And we don’t have that around here.
Well, there are a couple of critics that I know. I don’t want to blow our own trumpet. There’s Oris. Oris does excellent criticism. Then there’s Wilfred Okiche too.
And that’s the thing. Personally, I don’t care about a critic of anything, even when it comes to music and food. For someone like me, I don’t care. In the sense that, if a food critic eats some pasta and says the pasta was so great, for me that’s not a reason why I will go and eat the pasta. Or he said oh the pasta tastes like shit, I am still going to like that pasta, whether he likes it or not. It’s not my business whether the critic is hating on the pasta. If it’s delicious to me, then that’s what matters.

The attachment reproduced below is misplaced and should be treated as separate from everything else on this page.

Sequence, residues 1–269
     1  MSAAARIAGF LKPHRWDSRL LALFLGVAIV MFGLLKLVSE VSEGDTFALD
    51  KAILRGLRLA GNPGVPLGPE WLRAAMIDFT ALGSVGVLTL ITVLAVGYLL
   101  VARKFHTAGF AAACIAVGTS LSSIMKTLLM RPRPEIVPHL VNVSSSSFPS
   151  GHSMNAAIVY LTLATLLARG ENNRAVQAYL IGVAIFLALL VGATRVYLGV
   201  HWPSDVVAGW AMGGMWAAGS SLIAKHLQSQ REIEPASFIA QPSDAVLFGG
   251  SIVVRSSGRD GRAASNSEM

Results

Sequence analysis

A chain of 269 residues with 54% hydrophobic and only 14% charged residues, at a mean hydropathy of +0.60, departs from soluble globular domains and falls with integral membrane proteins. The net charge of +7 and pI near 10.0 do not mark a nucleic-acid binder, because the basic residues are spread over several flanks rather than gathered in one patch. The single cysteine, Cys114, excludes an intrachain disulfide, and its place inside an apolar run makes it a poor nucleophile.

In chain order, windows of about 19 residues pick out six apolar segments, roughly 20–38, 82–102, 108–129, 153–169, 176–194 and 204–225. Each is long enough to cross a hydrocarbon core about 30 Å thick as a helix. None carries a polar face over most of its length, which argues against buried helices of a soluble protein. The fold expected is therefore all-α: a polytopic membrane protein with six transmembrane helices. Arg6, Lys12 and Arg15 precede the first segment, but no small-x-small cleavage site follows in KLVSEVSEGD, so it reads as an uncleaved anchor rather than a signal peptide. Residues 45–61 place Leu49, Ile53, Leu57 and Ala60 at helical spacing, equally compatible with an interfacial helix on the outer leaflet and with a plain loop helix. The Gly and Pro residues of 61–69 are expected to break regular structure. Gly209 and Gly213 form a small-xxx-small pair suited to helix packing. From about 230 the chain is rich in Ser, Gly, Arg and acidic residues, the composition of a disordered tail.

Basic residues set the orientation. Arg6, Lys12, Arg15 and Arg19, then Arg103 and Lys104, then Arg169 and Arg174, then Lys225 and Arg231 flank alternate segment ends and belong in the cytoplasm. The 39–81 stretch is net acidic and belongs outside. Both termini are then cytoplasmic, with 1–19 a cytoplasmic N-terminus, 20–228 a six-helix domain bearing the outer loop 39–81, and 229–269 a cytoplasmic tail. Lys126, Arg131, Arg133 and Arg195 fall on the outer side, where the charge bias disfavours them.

At the end of the day, art is quite subjective but don’t you think that in a sense we need criticism, that art needs criticism?
More of feedback.
Yes. The benefit of working in a writers’ room is that you get a lot of feedback. Like when you think you’re about to pitch the biggest story of the year and your colleagues are telling you “okay this is nice but you can do it this way, add this element, like if you’re going for this you might want to do it this way”. Such helpful feedback helps you to do better. It’s not just “oh this is shit”, making your point but not helping anyone—saying harsh words to each other and the project is still the same.
I think what you’re gunning for, what you’re trying to say, just to clarify things now to know whether we’re on the same wavelength, is that criticism should be about developing the craft.